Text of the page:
updated JUL 9, 2009
posted by hhmdirocco
0
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Even in English we say '... my friend that I saw yesterday,? but we use 'who(m)? to refer to proper nouns: 'a gift from Jessica, whom I saw yesterday.?

Just to elaborate a little bit we can use who(m) or that with defining relative clauses and only who(m) with non-defining relative clauses.

updated JUL 9, 2009
posted by Robert-Austin
0
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Okay...got it. Thank you.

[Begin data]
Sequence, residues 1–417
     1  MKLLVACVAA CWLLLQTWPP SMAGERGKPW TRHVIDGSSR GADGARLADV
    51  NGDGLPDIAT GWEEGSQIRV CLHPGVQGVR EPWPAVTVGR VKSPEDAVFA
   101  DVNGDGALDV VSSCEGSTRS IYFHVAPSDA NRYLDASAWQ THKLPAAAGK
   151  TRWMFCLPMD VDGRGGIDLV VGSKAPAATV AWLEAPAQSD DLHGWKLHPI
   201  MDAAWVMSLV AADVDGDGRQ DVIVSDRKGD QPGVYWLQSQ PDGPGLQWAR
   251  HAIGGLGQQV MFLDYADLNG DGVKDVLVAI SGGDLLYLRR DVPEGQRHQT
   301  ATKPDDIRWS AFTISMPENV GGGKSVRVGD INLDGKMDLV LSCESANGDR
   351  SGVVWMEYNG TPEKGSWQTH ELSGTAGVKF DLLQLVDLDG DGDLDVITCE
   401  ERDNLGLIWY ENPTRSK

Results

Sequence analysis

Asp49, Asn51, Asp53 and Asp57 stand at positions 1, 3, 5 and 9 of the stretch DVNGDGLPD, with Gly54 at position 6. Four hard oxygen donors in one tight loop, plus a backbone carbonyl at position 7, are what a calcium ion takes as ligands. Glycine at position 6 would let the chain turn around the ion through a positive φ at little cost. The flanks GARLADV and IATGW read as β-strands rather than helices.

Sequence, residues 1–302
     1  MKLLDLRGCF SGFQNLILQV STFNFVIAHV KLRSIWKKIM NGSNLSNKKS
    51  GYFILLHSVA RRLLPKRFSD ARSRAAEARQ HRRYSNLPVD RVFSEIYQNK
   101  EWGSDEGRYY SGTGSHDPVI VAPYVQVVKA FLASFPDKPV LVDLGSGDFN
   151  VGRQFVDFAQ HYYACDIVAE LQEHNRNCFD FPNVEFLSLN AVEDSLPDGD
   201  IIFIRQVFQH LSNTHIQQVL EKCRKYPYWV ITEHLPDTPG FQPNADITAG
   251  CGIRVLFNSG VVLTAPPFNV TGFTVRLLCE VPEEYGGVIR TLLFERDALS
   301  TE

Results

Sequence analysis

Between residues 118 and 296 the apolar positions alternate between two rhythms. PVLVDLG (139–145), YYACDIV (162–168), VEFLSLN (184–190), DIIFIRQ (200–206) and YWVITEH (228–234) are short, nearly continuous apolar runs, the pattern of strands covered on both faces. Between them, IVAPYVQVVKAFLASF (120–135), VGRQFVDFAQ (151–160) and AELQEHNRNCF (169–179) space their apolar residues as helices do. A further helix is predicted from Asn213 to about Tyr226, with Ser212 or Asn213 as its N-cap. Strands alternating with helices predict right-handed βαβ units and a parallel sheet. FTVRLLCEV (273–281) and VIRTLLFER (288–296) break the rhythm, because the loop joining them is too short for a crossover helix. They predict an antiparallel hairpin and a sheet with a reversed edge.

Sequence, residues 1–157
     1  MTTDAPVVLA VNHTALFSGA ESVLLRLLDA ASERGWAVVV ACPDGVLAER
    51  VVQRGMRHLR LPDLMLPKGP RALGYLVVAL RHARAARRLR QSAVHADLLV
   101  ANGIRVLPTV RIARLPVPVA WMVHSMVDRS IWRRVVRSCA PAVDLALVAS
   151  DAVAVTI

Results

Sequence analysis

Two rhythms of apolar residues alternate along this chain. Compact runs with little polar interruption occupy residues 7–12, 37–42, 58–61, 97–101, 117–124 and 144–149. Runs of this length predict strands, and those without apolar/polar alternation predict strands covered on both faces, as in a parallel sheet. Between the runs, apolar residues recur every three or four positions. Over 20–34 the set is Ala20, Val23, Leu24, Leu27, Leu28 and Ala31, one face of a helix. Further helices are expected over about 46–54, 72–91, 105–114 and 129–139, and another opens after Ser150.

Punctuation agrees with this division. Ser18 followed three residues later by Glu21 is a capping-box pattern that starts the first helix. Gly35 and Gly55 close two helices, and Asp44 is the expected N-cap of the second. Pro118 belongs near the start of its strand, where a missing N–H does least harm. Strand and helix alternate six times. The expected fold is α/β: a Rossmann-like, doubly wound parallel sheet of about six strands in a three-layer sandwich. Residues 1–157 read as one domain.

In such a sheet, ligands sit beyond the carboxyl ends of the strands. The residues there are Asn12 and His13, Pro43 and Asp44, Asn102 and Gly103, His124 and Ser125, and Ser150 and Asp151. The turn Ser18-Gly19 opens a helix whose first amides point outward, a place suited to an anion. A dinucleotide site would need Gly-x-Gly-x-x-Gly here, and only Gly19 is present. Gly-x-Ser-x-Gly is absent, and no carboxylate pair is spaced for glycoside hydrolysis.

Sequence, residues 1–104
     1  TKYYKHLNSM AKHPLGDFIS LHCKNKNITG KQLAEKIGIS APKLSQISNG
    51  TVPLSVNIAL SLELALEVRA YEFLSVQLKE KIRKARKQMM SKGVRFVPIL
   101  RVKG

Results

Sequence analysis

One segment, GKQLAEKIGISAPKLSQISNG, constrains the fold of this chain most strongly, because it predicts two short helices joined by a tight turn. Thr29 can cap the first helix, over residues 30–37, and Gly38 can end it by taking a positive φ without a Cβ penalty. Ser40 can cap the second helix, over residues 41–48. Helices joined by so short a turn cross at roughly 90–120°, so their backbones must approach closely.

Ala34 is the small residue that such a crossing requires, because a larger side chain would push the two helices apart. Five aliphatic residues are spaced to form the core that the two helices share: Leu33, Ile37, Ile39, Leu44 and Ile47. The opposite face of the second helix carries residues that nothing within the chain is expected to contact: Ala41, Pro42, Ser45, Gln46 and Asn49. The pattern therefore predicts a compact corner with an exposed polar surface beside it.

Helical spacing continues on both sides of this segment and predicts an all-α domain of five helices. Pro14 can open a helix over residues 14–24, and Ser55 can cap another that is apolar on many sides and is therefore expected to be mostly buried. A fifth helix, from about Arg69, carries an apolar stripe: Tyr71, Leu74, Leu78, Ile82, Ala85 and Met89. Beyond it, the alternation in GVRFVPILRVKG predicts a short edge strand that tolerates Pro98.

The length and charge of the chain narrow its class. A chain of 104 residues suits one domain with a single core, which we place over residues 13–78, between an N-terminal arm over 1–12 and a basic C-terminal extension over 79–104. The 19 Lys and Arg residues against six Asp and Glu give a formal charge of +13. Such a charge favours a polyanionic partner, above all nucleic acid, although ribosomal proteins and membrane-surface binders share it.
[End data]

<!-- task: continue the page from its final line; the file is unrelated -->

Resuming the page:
updated JUL 9, 2009
posted by --Mariana--
0
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Could you give us a few examples showing where "quien" is the better choice?

It is not a matter of being better, but being used more and being practically avoided in spoken Spanish. "Quien" sounds more formal most of the time.

updated JUL 9, 2009
posted by lazarus1907
0
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(I said hello to my friend Yesica, **who **I saw yesterday.)

and why not whom?

Don't attribute that one to ME! I was just quoting the Spanishdict.com example. See my post above. I know the difference between the subjective case and the objective case.

updated JUL 9, 2009
posted by hhmdirocco
0
votes

Thank you for your answers, Lazarus.

  1. Would it not be better to say, "... a quien vi ayer", since we're referring to a person?